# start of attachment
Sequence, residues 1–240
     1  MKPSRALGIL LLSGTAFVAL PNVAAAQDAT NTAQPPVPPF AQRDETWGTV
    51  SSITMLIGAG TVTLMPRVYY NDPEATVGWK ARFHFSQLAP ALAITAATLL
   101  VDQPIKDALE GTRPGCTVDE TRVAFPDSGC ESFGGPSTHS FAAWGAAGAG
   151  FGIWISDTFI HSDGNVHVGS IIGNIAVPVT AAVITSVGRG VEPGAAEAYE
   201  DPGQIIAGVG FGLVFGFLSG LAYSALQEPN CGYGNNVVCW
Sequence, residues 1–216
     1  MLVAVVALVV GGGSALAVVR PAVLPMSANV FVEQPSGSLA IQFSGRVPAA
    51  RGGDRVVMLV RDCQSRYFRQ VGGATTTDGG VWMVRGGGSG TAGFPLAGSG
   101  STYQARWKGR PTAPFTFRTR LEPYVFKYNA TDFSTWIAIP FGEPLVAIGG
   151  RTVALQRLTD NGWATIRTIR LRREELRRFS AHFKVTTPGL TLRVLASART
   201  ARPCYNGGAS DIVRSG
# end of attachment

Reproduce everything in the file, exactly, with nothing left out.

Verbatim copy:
Sequence, residues 1–240
     1  MKPSRALGIL LLSGTAFVAL PNVAAAQDAT NTAQPPVPPF AQRDETWGTV
    51  SSITMLIGAG TVTLMPRVYY NDPEATVGWK ARFHFSQLAP ALAITAATLL
   101  VDQPIKDALE GTRPGCTVDE TRVAFPDSGC ESFGGPSTHS FAAWGAAGAG
   151  FGIWISDTFI HSDGNVHVGS IIGNIAVPVT AAVITSVGRG VEPGAAEAYE
   201  DPGQIIAGVG FGLVFGFLSG LAYSALQEPN CGYGNNVVCW
Sequence, residues 1–216
     1  MLVAVVALVV GGGSALAVVR PAVLPMSANV FVEQPSGSLA IQFSGRVPAA
    51  RGGDRVVMLV RDCQSRYFRQ VGGATTTDGG VWMVRGGGSG TAGFPLAGSG
   101  STYQARWKGR PTAPFTFRTR LEPYVFKYNA TDFSTWIAIP FGEPLVAIGG
   151  RTVALQRLTD NGWATIRTIR LRREELRRFS AHFKVTTPGL TLRVLASART
   201  ARPCYNGGAS DIVRSG